@Lesdoggg, no one deserves this–least of all someone who brings us so much joy. I’m with you. -H
— Hillary Clinton (@HillaryClinton) August 25, 2016
There were multiple hashtags for Twitter users to show that they were behind Jones, as well, with #IStandWithLeslie becoming the most commonly shared. The hack prompted conversations about the difficulty of being a celebrity online, the way such hacks are gendered hate crimes (with this one being unmistakably racist, too), and why the Internet cannot deal with successful black women.
The hack is currently under investigation by Homeland Security.
The Takeaway: While Laura Benanti catches some of the truth behind the attack below, it does little to make up for the awfulness of everything that’s gone down.
Imagine how absolutely terrified these racist, sexist trolls must be of Leslie Jones’ power, talent and brilliance.
— Laura Benanti (@LauraBenanti) August 25, 2016
What Happened: A speech by Hillary Clinton brought the political term “alt right” into the mainstream, prompting a rush to define it for those unfamiliar with the phrase.
Where It Blew Up: Twitter, media reports
What Really Happened: Ahead of a speech from Hillary Clinton Thursday highlighting Donald Trump’s links to the racist, hate-spewing elements of the far-right, the Internet tied itself in knots trying to define the term “alt-right,” initially reported as the target of Clinton’s upcoming address.
Many different media organizations tried their best to explain, but while that was happening, a war was unfolding on Twitter over the hashtag #AltRightMeans.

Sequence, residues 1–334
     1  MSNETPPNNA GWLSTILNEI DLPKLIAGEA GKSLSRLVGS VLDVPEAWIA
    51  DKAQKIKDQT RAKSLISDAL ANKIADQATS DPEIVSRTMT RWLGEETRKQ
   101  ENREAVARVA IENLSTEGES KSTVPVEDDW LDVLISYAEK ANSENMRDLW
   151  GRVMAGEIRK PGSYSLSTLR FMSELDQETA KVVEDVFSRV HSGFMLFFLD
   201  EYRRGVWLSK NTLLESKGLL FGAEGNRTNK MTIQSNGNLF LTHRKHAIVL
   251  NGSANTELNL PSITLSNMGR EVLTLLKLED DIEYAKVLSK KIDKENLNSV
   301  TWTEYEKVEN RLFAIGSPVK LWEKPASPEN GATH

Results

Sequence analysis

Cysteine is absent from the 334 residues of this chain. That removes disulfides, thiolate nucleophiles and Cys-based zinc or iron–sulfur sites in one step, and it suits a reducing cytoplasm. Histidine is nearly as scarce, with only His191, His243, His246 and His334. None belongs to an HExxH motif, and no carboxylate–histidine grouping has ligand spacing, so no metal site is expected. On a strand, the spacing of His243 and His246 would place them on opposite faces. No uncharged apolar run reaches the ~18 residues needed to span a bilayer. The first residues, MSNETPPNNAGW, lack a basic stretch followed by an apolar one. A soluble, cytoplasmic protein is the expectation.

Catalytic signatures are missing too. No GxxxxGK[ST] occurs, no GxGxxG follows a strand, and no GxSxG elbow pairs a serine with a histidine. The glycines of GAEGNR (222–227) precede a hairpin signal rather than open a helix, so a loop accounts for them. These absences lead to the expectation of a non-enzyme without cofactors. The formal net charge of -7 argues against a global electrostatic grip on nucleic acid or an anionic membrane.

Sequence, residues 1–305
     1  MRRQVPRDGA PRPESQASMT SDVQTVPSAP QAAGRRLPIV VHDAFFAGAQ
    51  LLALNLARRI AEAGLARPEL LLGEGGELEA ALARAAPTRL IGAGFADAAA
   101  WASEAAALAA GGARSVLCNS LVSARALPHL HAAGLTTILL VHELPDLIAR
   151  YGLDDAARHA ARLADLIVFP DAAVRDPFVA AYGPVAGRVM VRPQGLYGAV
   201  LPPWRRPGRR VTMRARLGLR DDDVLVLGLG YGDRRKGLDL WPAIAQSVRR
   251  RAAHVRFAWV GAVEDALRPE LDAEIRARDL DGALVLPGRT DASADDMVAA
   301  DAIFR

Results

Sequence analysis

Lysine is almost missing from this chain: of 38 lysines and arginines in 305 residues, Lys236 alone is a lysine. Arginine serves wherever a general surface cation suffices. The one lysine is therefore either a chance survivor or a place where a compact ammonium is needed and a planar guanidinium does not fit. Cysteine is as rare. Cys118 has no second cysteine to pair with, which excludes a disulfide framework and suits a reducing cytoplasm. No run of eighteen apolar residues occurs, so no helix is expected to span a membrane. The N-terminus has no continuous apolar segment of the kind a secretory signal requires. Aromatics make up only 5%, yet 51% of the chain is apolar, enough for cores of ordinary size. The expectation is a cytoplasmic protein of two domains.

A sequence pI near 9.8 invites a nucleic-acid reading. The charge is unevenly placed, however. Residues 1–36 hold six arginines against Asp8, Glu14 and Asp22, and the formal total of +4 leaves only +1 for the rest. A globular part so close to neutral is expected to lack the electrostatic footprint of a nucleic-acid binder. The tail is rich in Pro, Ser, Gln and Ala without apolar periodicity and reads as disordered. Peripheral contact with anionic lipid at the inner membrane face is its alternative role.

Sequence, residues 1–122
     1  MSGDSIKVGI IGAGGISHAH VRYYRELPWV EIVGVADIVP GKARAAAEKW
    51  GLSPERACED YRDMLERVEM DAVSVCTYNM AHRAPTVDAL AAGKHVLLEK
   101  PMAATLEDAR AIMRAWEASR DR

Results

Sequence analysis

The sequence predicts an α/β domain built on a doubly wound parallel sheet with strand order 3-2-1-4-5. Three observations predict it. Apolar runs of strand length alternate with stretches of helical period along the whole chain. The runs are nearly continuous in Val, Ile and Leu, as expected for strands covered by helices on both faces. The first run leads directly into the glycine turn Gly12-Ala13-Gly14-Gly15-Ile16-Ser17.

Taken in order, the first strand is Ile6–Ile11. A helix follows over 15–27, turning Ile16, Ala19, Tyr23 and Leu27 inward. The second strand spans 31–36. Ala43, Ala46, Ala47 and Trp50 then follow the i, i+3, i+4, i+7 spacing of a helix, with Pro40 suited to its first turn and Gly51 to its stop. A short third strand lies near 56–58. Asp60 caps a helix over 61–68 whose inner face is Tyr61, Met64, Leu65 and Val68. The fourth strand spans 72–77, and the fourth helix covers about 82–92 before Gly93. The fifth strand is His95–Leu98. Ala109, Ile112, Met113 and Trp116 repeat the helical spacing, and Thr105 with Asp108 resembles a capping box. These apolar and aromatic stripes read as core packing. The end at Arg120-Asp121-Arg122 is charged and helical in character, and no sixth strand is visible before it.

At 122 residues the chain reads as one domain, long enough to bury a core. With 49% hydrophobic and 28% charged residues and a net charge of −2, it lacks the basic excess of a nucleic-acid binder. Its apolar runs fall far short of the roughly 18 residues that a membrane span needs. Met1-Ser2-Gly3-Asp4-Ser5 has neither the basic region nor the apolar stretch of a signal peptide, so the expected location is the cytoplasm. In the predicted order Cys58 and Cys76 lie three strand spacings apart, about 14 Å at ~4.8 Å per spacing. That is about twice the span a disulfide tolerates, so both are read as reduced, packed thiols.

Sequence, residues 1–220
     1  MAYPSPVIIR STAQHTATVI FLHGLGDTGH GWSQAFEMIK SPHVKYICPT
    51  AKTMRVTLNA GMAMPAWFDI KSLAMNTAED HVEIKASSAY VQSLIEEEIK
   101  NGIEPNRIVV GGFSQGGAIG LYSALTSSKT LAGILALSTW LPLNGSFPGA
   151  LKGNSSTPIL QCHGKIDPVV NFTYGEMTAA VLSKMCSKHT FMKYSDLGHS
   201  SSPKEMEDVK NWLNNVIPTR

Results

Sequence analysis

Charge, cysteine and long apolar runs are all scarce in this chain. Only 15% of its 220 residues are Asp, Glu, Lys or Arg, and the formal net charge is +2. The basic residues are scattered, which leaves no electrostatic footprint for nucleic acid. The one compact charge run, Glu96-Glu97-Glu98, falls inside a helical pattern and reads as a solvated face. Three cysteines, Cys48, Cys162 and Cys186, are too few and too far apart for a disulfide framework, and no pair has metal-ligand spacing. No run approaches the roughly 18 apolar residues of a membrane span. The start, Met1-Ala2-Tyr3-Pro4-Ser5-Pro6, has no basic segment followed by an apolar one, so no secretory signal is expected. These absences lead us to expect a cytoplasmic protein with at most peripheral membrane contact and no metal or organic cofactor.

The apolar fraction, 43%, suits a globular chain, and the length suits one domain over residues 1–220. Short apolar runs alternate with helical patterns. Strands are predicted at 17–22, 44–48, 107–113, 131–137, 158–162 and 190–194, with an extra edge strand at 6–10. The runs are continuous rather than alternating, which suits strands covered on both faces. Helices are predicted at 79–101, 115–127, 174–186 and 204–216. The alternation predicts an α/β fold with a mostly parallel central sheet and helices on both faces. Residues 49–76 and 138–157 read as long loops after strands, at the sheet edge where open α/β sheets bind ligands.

The hashtag was created by members of the far right, hoping to explain what’s so great about their bigoted worldview. Here are some of the less offensive tweets:
Who’s up for #AltRightMeans ? I’ll start. #AltRightMeans not being ashamed of being white. Let’s get this shared around.
— Kyle (@kLodeserto) August 25, 2016
#AltRightMeans whites deserve homelands of their own just as much as every other race.
— Backpfeifengesicht (@smdhtbqhfam) August 25, 2016
#altrightmeans recognizing that the beauty of the European woman must be preserved. pic.twitter.com/nHAczG97V6
— Reinhard Wolff (@whitewolfgeist) August 25, 2016
#AltRightMeans being honest about the fact that “equality” is a myth. pic.twitter.com/wJqp17AXJd
— Franklin (@TruthVictorious) August 25, 2016
And there are far worse out there. But as the hashtag spread–becoming the most popular trending topic on Twitter Thursday–it also got hijacked by those less sympathetic to the cause:
The #AltRightMeans thread is crazy. Seriously folks, EVERYBODY get 10 friends & go vote for Hillary.
These folks are nuts & not American!!
— Barbershop Politics (@knowpoliticsnow) August 25, 2016
White supremacy but for special snowflakes #AltRightMeans
— Kaili Joy Gray (@KailiJoy) August 25, 2016
As the media started to notice Twitter’s disagreement, things got slightly more surreal in terms of definition:
#altrightmeans believing vikings would love anime
— kept_simple (@kept_simple) August 25, 2016
#AltRightMeans My dwarf hamsters Tetsuo and Heydrich live in a habitrail made of stiffened gym socks.